For the comparison of microclimate in dispersed-retention treatments, we randomly established 20 (in one case 21) sampling points in each of the 4 treatment units per block; these were selected from a larger pool of 22-32 permanent tree plots (Halpern et al. 1999) arrayed on a systematic grid of
8 x 8 or 7 x 9 points spaced 40 m apart (Aubry et al. 1999). To represent the 0% retention treatment, plots were selected from within the harvested portions of 15%A.
For the study of gradients across forest aggregates, we established 4 transects in each of the 15%A harvest units (2 per 1-ha forest aggregate). Each transect had 16 sample points representing varying distances from the aggregate edge: -56.4 (aggregate center), -40, -30, -20, -15, -10, -5, 0 (edge), 5, 10, 15, 20, 30, 40, 63, and 103 m.
At each sample point a microclimatic station was established in a random direction 1.5 m from the center of the tree plot. At each point we measured slope, aspect (transformed to "southwestness" (cos[aspect-225 ])
and four microclimatic variables: light, air temperature, soil temperature, and soil moisture (described in detail below).
Light.--An index of light availability was obtained from hemispherical photography of the forest canopy. A Nikon Coolpix 990 digital camera with a Nikon FC-E8 fisheye converter was leveled on a monopod 2 m from
the ground, with the top of the camera oriented north. Photographs were taken under overcast sky conditions between June and November 2004. Images were analyzed with the software Gap Light Analyzer 2.0 (GLA; Frazer et al. 1999), employing the standard overcast sky model (UOC). Total transmitted light, or photosynthetic photon flux density (PPFD; mol m-2 day-1), was calculated for the growing season (June through September).
Air and soil temperature.--Air and soil temperature were measured using temperature data loggers (Model DS1921G, iButton Thermochron, Maxim/Dallas Semiconductor Corp., Dallas, Texas). Two loggers were placed at each point: the first on a wooden stake 1 m above the ground surface (air), the second at 15 cm beneath the soil surface (soil).
For measurements of air temperature, loggers were placed on the inside of one-half of a small (10 cm long) plastic container shielded with aluminum foil to prevent direct radiation, and perforated to allow airflow and minimize heat accumulation. Plastic containers were attached to a wooden "arm" extending perpendicular from the top of each stake.
Temperature was recorded hourly at each point over a 2-3 wk period between mid July and late September 2004 to sample the most stressful portion of the growing season. Measurements were taken synchronously within each block, but sampling was staggered in time among blocks (Little White Salmon = 19 July to 5 August, Butte = 10 to 31 August, and Paradise Hills = 1 to 23 September 2004).
Soil moisture.--Volumetric soil moisture was measured using time domain reflectometry (TDR). Stainless steel probes, 30 cm long, were inserted at an angle of 30 from the soil surface to sample the upper 15 cm of soil; probes remained in place for the entire sampling period. Multiple measurements were taken over the growing season.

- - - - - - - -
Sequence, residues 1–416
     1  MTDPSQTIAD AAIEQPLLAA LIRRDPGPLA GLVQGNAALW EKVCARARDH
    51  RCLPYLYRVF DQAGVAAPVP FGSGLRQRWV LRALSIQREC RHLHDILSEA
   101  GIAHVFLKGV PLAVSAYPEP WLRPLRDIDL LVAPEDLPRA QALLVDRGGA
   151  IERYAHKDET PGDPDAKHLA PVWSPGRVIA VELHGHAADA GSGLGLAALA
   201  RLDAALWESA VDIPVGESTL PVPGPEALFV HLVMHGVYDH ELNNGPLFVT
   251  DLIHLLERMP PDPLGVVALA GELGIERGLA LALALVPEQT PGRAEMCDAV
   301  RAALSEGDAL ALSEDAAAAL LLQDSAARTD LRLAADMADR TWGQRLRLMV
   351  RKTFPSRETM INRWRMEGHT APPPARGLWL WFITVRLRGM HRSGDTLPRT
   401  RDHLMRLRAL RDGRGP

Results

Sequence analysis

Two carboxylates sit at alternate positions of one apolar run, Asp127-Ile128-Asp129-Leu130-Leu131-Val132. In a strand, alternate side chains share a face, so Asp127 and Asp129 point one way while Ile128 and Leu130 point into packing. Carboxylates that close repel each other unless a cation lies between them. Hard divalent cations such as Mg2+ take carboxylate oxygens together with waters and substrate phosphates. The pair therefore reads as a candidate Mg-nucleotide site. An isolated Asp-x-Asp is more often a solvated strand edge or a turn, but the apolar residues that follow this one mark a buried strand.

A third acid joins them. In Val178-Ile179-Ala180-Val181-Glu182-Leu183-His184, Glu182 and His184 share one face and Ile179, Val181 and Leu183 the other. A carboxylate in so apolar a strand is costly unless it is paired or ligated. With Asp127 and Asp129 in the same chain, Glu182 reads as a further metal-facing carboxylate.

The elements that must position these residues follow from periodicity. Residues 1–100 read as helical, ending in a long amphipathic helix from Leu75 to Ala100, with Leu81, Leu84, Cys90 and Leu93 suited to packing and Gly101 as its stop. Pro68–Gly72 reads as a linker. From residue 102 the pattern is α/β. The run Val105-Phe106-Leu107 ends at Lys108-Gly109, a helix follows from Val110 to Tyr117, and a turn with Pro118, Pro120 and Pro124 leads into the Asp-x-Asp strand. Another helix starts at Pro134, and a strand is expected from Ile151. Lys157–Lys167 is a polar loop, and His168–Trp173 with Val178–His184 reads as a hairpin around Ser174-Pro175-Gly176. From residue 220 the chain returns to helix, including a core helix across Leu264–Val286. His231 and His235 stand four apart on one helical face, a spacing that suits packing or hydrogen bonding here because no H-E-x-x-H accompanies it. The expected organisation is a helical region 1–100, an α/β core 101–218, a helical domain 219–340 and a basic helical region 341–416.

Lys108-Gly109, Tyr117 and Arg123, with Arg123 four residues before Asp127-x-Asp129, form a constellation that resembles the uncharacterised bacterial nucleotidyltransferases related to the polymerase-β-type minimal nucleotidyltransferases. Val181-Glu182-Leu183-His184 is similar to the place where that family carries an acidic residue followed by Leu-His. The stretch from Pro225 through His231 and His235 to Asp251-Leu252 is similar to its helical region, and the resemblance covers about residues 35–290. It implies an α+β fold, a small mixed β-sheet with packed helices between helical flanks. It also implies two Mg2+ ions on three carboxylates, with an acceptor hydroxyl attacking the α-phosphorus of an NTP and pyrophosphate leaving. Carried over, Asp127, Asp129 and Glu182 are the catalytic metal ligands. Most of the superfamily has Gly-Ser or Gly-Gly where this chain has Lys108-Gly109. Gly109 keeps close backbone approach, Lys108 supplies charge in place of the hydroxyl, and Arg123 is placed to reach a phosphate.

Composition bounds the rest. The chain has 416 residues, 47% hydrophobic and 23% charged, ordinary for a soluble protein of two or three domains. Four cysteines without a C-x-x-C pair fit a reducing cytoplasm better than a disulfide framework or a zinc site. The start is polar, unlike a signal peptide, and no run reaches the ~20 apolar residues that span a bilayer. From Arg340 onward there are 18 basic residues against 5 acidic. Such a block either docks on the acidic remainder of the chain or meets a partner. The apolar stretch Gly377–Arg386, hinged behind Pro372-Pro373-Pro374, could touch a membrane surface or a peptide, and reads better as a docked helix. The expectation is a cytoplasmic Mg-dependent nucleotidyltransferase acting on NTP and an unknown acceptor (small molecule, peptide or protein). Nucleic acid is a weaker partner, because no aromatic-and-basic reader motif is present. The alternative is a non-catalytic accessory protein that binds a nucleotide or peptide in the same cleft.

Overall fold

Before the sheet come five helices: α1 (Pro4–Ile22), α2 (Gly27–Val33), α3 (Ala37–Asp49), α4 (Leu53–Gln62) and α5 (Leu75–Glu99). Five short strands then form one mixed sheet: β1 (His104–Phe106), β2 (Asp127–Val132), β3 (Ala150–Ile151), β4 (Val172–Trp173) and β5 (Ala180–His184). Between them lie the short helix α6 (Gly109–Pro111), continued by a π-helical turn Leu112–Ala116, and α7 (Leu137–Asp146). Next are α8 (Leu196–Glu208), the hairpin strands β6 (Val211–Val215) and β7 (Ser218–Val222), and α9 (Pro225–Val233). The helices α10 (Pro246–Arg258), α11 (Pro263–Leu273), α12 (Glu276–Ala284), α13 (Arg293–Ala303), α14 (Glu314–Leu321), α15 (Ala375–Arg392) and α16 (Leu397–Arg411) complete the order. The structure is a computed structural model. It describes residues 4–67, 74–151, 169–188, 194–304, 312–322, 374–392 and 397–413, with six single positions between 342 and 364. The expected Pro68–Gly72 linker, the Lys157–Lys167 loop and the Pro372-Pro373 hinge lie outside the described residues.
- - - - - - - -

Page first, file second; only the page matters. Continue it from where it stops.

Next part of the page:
At each measurement, all points within a block were sampled over a 1-2 day period of dry weather (no precipitation in the previous 48 hr) and all blocks were visited within the same 1-wk period. Probes were attached to a TDR monitor with alligator clips soldered to coaxial wire; data were recorded on a palmtop computer. Volumetric soil moisture was calculated using calibration curves of Gray and Spies (1995).
Within each tree plot, all stems 5 cm dbh were measured for diameter. Heights for all trees were estimated from species- and treatment-specific height:diameter equations (D. Maguire, unpublished data). Four predictors of overstory structure were then generated for each plot: total tree density, total basal area, stand density index ([density * basal area]1/2), and total tree height (summed heights of all trees). In addition, overstory canopy cover was obtained from the hemispherical photograph taken at the center of each plot.
To quantify the potential shading effects of understory vegetation and logging slash, two additional estimates were made at each microclimatic station. Using a 1-m2 frame centered on each wooden post, visual estimates of cover were made for all vegetation less than 1.5 m tall and for logging slash (fine branches and other woody debris resulting from harvest operations).
For other details see Heithecker (2005).
Aubry, K. B., M. P. Amaranthus, C. B. Halpern, J. D. White, B. L. Woodard, C. E. Peterson, C. A. Lagoudakis, and A. J. Horton. 1999. Evaluating the effects of varying levels and patterns of green-tree retention: experimental design of the DEMO study. Northwest Science 73(Special Issue):12-26.
Drever, R. C., and K. P. Lertzman. 2003. Effects of a wide gradient of retained tree structure on understory light in coastal Douglas-fir forests. Canadian Journal of Forest Research 33:137-146.
Frazer, G. W., C. D. Canham, and K. P. Lertzman. 1999. Gap Light Analyzer (GLA) Version 2.0: Imaging software to extract canopy structure and gap light transmission indices from true-colour fisheye photographs, user manual and program documentation. Simon Fraser University and the Institute of Ecosystem Studies, Burnaby, British Columbia.
Gray, A. N., and T. A. Spies. 1995. Water content measurement in forest soils and decayed wood using time domain reflectometry. Canadian Journal of Forest Research 25:376-385.
Halpern, C. B., D. McKenzie, S. A. Evans, and D. A. Maguire. 2005. Initial responses of forest understories to varying levels and patterns of green-tree retention. Ecological Applications 15:175-195.
Heithecker, T. D. 2005. Variation in microclimate associated with dispersed-retention harvests in coniferous forests of the Pacific Northwest. M.S. thesis, University of Washington, Seattle, WA. 44 pp.